Synopsis by Mark Deming
A teenaged boy in desperate need of a father figure finds one in a place no one should ever have to look in this controversial drama. Howie (Paul Franklin Dano) is a 15-year-old who has been emotionally at sea ever since the death of his mother in an auto accident several years before. Howie's father Marty (Bruce Altman) is also having trouble dealing with the loss, and distracts himself with empty sex while avoiding authorities attempting to prosecute him for using unsafe materials in his building contracting business. Howie falls in with a group of homeless delinquents his own age, becoming especially close to streetwise Gary (Billy Kay). In time, Howie begins to wonder if his feelings for Gary go past ordinary friendship, but the issue of his sexuality is forced into a very different light after Gary persuades Howie to join him in robbing the home of middle-aged former Marine Big John Harrigan (Brian Cox). It doesn't take long for Big John to track down the culprits after Howie and Gary steal several guns from his house, but Howie learns that Big John and Gary have met before -- Gary sometimes works as a male prostitute, and Big John, whose tastes run to boys in their early teens, is a regular customer. When Gary runs away to California, Big John proposes that Howie work off their debt by having sex with him; while Howie is hardly comfortable with this arrangement, he has nowhere else to go after his father ends up in jail, and he finds an unexpected degree of emotional support in his relationship with the curiously compassionate pedophile, who comes to understand just how badly Howie needs help. L.I.E. (the title stands for "Long Island Expressway") premiered at the 2001 Sundance Film Festival.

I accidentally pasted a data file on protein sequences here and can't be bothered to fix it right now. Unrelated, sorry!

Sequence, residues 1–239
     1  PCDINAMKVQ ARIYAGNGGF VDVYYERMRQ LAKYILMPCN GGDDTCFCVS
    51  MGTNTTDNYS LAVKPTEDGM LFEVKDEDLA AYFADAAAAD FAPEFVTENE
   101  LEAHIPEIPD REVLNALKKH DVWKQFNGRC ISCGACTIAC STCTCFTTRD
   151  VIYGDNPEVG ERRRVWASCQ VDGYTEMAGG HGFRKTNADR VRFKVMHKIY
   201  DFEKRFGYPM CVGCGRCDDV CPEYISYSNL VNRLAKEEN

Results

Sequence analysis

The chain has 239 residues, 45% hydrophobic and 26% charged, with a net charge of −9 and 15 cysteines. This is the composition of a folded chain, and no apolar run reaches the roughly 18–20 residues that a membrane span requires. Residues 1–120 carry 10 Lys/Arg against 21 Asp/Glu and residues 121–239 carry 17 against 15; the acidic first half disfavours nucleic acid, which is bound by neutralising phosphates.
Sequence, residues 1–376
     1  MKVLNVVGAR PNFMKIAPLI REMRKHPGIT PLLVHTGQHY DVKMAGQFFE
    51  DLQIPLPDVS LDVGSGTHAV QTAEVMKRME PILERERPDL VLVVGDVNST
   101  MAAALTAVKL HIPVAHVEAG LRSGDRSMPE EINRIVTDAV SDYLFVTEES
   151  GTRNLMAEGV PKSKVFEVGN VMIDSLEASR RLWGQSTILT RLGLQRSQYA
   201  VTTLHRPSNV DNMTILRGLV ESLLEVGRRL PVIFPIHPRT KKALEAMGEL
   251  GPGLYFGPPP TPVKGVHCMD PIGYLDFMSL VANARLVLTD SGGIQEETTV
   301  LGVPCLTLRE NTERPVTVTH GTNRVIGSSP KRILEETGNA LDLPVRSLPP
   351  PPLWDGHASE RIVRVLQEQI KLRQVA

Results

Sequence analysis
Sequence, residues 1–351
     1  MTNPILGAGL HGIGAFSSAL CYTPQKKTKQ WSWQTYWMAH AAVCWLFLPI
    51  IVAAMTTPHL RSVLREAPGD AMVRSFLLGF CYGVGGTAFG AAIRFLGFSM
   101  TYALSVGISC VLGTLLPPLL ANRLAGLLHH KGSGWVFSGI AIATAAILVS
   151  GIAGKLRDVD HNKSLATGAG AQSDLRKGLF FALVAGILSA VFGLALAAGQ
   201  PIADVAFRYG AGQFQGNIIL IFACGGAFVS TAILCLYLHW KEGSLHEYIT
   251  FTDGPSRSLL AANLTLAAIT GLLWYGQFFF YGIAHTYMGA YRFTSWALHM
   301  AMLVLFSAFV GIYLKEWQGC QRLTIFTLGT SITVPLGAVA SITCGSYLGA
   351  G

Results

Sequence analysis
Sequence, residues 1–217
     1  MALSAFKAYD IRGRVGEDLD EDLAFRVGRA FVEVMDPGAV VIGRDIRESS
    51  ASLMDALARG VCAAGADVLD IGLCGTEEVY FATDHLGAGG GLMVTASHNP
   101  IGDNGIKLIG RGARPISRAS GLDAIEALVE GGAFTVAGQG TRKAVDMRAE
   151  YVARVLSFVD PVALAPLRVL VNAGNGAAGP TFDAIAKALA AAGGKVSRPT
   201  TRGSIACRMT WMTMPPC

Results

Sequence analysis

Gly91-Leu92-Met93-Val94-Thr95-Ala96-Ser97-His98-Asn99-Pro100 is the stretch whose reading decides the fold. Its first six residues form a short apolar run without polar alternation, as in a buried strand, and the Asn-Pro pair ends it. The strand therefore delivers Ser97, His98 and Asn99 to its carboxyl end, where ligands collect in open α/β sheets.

delinquency, father, pedophilia, sex, crime, grief